Monday, March 16, 2009

Session 2

Mostly thoughts about GMing an improv game and the nature of The Armitage Files as such.

To summarize Kyle's input, I'm running the game both too "sandboxy" and at the same time not "sandboxy" enough. Basically, I need to either give the players a lot more leeway, and run with what they do, or I need to more clearly define the boundaries of the plotline.

How to do that?

Bold and __Underline__ and Highlight the major clues and important scenes.

Jamie talking to Dr. Clever at the circus - Dr. Clever didn't have information about the topic Jamie was asking about, but he does have other sinister secrets. But I was too wishy-washy through the interaction.

Interrogation of Olaf Olson - there had been fairly strong build-up to this encounter, but the information offered didn't satisfy. Not in a "oh I guess he's not the guy" sort of lack of satisfaction, but more like "The information we did and didn't get, didn't live up to the build." Olaf was supposed to point to the Circus, but I dropped that clue in small type amidst a long list of non-information, dead ends, and little clues. Without the bold highlight, the Circus didn't seem that important.

Something the Armitage Files is missing: Advice on running an improvised campaign or scenario.

Armitage Files does offer a scenario spine worksheet, but doesn't develop that thoroughly enough for Keepers not experienced with running improv or freestyle-like games. I think The Armitage Files would do well to include an article along the lines of The Three Clue Rule.

I really think that I'm starting to learn that I need to have a solid story idea in mind in order to feel satisfied when running a game. Perhaps that's just my inexperience with improvised gaming. Although...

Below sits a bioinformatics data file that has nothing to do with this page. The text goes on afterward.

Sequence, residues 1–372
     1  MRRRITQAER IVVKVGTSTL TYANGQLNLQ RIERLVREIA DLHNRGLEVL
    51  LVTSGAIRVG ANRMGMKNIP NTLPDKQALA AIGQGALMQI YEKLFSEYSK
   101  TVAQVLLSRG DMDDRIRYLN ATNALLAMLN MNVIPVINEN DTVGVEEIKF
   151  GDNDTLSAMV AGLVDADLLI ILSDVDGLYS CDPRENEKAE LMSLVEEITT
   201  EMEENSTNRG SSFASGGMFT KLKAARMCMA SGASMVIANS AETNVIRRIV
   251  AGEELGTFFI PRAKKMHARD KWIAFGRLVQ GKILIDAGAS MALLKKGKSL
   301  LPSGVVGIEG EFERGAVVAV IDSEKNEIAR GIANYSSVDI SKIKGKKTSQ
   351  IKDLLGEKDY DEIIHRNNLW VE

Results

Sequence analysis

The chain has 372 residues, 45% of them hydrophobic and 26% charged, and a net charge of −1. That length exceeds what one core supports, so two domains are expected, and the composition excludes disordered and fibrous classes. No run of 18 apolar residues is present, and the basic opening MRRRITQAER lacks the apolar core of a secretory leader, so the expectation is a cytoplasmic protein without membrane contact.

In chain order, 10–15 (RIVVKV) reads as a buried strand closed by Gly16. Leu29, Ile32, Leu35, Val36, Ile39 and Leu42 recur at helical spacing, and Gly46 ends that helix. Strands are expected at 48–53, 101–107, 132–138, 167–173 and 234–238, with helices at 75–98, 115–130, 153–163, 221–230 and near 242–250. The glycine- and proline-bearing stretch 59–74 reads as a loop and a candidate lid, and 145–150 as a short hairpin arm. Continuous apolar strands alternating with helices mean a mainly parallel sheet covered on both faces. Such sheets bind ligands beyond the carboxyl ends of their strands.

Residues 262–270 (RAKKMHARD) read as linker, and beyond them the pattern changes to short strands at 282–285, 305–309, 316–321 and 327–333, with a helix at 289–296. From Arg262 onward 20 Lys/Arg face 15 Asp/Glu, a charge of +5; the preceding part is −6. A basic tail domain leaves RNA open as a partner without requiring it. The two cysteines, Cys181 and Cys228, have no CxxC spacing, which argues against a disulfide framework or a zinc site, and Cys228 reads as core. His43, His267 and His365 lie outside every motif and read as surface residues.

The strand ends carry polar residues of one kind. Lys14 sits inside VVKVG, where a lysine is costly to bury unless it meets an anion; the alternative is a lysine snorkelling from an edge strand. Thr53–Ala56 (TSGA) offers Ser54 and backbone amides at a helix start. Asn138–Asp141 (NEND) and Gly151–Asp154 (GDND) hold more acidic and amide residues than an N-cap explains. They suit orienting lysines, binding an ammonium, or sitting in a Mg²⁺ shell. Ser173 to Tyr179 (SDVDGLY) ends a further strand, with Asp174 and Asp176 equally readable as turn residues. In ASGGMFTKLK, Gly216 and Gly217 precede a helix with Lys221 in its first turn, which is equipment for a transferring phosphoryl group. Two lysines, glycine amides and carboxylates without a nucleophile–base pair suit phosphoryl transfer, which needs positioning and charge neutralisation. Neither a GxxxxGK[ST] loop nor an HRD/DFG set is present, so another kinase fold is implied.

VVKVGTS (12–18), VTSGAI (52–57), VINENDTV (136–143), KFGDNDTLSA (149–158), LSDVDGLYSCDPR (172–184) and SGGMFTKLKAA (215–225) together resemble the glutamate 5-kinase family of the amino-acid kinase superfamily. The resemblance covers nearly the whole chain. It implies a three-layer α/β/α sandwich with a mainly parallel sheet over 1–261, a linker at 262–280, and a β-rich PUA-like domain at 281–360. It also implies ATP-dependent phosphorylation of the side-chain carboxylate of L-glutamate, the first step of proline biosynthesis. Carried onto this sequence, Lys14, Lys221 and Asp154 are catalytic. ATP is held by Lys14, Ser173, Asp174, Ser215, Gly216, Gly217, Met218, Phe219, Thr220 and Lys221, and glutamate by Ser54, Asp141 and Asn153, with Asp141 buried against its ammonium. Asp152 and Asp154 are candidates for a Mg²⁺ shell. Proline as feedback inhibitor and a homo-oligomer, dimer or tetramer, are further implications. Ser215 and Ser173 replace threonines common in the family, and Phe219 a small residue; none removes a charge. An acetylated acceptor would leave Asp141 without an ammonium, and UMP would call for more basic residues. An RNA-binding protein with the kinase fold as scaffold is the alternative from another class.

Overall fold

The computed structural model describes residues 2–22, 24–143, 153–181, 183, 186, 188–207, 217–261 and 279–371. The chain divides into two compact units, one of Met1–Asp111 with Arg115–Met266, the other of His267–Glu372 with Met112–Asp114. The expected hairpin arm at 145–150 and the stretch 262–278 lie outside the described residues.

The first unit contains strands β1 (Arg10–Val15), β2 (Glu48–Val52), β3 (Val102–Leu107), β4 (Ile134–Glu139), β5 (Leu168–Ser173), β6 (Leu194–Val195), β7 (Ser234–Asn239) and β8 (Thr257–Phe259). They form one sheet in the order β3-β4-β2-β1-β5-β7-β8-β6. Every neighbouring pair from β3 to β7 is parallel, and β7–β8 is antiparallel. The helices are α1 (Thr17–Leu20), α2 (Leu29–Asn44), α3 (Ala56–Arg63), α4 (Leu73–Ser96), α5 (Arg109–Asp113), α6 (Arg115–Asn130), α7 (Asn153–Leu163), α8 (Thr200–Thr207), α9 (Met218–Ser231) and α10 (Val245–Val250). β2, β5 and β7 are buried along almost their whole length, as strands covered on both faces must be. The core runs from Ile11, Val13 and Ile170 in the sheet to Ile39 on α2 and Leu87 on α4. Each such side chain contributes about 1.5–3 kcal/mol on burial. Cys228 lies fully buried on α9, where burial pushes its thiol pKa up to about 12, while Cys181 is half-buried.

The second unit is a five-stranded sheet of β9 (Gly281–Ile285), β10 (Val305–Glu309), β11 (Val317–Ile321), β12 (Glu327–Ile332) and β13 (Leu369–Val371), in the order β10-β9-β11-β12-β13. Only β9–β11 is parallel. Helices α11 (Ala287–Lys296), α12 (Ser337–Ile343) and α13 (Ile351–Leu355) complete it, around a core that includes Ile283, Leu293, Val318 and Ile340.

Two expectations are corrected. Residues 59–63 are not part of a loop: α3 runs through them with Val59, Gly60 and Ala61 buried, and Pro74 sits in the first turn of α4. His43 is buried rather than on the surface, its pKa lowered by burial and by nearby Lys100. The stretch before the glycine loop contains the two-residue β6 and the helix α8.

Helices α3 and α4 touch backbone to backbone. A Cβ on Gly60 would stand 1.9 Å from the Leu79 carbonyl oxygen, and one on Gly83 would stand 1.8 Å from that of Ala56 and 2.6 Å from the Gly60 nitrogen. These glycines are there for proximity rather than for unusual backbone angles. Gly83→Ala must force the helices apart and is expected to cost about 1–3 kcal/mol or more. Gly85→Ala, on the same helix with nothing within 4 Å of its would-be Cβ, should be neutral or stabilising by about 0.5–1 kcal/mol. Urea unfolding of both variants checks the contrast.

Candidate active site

I think what I did after Session 1, I should have done before Session 1. I think, instead of making cards for every entry, I should have made cards for the entries that I wanted to be important, with notes about the important clue elements. That way, if something wasn't important to the story, I could just gloss over it, and in the meantime, the important stuff would be well prepared, and that would serve to boldify, underline, and highlight the relevant clues.

It would seem that it takes MORE work to prepare an improvised game than a pre-written one. I'd have to try running another improv game or two in order to find out for sure. We'll see...

The lesson from this session:

Identify the Major Clues ahead of time, and when they are encountered, put them in BOLD BRASH TEXT. Minor clues, red herrings, and dead ends, should be in regular text or at least clearly defined as alternative plot-lines not necessarily leading to the Grand Conclusion.

But the most important question...Did I have fun?

Yes. Lots.

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